Name of the collection: Edward A. McLogan
Inclusive years: 1960-1963
Size of the collection: 4 linear ft.
Acquisition: The collection (donor no. 086) was deposited with the Genesee Historical Collections Center in January, 1985.
Access: There are no restrictions on access.
Photographs: Photographs were removed and are to be cataloged separately.
Processed by: Darwin C. Matthews, September, 1985.
Edward (Ted) A. McLogan was born in Flint in 1920. He received his B.A. in political science from the University of Michigan in 1942. While there, he was active in the R.O.T.C. program and, after graduating, served in the U.S. Army during World War II.
After the war, McLogan returned to Flint and worked in his father’s business, McLogan and Austin, Inc., on South Saginaw Street. He was aware of how Michigan’s fiscal policies affected state and local economic conditions. As a result, McLogan became interested in the political environment in the Republican Party.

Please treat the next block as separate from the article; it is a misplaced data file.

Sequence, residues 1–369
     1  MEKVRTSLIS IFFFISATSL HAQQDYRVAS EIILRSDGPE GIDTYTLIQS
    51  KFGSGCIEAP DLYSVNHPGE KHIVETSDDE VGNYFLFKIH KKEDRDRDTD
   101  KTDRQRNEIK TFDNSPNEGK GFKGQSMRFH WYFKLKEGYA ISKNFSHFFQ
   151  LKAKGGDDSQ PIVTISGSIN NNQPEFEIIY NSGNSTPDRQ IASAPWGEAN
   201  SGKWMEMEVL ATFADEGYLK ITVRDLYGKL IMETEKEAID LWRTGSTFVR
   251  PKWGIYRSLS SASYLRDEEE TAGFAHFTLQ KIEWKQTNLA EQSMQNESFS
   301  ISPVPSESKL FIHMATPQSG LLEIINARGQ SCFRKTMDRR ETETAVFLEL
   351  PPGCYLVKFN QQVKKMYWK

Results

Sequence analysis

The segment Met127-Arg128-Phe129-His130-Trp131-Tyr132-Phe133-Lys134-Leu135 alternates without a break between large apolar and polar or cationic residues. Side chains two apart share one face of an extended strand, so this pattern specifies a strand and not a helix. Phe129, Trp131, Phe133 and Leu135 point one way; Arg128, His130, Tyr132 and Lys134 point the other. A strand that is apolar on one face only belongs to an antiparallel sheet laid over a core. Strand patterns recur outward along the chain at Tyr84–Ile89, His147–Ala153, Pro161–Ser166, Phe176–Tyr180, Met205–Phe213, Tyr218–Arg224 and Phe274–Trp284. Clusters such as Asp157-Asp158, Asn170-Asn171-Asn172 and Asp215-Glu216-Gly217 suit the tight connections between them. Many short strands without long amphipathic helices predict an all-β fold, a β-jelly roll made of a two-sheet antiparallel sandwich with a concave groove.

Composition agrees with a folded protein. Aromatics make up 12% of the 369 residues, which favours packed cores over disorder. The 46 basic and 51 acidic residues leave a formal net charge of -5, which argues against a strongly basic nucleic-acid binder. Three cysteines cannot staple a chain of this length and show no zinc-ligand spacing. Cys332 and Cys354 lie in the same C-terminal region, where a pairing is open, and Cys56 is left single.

McLogan was elected a delegate to the Michigan Constitutional Convention in September, 1961. He was endorsed by the Flint Journal and the Detroit Free Press and received over 16,000 votes in the general election. At the age of 41, he was the youngest of the five delegates representing Genesee County. All of these delegates were Republicans, with McLogan being the most moderate. In McLogan’s eyes, the convention had two primary objectives: to formulate a document tailored to the needs of Michigan, and to see the constitution favorable voted upon by the people of Michigan. In order to accomplish the latter objective, McLogan supported and urged the delegates to elect George Romney, a moderate-liberal, as the convention’s president. McLogan felt that since the semi-independent Romney was not a Republican Party regular it would be easier to gain bipartisan support for the constitution. The four other Genesee County delegates did not support either Romney or McLogan’s argument. They all backed Republican Party regular and conservative delegate Edward Hutchinson. In the voting for the convention’s president, neither Romney nor Hutchinson could gather the required votes, and a compromise candidate, Stephen S. Nesbit, was elected.